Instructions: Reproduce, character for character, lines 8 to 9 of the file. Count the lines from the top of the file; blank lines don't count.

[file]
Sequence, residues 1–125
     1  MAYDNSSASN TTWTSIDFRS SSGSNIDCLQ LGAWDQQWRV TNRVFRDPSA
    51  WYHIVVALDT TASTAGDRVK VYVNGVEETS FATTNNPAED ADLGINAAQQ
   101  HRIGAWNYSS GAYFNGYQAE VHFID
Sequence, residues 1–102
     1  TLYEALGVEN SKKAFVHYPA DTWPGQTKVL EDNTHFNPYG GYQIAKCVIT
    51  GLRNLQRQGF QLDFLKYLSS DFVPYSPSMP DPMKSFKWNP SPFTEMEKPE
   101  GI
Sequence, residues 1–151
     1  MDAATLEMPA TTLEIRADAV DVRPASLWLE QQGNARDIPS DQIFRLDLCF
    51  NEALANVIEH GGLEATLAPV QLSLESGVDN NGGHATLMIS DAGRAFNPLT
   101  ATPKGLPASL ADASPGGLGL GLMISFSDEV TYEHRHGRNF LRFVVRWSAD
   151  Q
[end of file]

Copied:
   101  GI
Sequence, residues 1–151